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So have I described the graph? It's a pretty big graph hundred nodes and I don't know how many edges they're in there.
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There's an edge if your friend. So that's the graph for this class.
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A similar graph you could take for the whole country. So 260 million nodes and edges between friends.
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And the question for that graph is how many steps does it take to get from anybody to anybody?
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What two people are furthest apart in this friendship graph? Say for the US.
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By furthest apart I mean the distance from well I'll tell you my distance to Clinton.
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It's true. I happen to go to college with somebody who knows Clinton.
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I don't know. So my distance to Clinton is not one because I don't happily or not.
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I don't know him. But I know somebody who does. He's a senator and so I presume he knows.
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Okay I don't know what your what's your distance to Clinton.
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Well not more than three right actually true.
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You know me I take credit for reducing your distance to what's your distance to Monica.
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Not anybody below below four is in trouble here.
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Or maybe three but right.
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So what's Hillary's distance to Monica? I don't think you'd better put that on tape here.
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One or two I think.
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Is that right?
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Well we won't say more about that.
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Actually the real question is what's one of big large distances?
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How far apart could people be separated?
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And roughly this number six degrees of separation is kind of appeared.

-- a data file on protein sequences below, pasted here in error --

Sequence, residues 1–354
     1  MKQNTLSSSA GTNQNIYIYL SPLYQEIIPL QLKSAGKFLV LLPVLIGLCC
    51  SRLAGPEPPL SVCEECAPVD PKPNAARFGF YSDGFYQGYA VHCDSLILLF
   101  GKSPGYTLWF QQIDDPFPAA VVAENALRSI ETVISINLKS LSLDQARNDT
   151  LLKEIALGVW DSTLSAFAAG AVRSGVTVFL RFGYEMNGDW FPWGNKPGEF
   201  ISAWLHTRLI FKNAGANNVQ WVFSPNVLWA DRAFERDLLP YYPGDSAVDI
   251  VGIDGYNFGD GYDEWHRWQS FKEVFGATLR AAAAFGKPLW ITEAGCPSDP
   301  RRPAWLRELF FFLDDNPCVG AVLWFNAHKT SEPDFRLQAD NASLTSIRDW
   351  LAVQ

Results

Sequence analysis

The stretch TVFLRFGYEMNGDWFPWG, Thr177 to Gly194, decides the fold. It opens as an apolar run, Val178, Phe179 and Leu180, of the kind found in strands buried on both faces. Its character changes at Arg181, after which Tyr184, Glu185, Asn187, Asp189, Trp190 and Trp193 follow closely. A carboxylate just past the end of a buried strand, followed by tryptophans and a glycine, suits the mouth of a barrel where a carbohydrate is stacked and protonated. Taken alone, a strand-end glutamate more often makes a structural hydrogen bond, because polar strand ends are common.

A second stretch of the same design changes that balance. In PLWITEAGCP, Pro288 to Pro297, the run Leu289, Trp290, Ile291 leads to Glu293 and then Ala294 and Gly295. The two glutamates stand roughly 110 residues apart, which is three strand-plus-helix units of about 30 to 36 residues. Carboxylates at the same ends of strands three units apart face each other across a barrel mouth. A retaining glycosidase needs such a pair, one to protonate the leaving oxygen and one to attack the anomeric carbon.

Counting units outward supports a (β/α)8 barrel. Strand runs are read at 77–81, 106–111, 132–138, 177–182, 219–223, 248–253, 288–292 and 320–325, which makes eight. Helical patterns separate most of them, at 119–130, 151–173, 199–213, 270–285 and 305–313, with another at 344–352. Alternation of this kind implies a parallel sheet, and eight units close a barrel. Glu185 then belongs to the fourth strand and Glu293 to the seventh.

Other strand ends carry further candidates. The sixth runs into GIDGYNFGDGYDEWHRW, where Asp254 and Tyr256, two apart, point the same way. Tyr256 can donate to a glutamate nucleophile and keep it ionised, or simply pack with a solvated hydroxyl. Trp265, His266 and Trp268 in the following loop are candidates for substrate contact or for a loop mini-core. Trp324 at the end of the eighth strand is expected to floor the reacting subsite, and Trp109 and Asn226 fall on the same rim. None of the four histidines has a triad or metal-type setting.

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It's a movie title. It's a book title.
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And it's with this meaning that roughly speaking six might be a fairly...
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Not too many people.
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If you sit next to somebody on airplane you get talking to them.
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You begin to discuss mutual friends to sort of find out okay what connections do you have.
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And very often you'll find you're connected in my two or three or four sets.
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And you remark it's a small world.
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And that's how this expression is small world in the thing.
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But six, I don't know if you've been fine.
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If it took six I don't know if you would successfully discover those six in an airplane
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conversation.
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But here's the math question.
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And I'll leave it for next for lecture 12 and do a lot of linear algebra in lecture 12.
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But the interesting point is that with a few shortcuts the distances come down dramatically.
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That all your distances to Clinton immediately dropped to three by taking linear algebra.
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That's like a vector of both or taking linear algebra.
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And to understand mathematically what it is about these graphs or like the graphs of the
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worldwide web.
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There's a fantastic graph.
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So many people would like to understand and model the web.
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What are the... where the edges are links and the nodes are our sites, websites.
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I'll leave you with that graph.
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And see you have a good weekend and see you on Monday.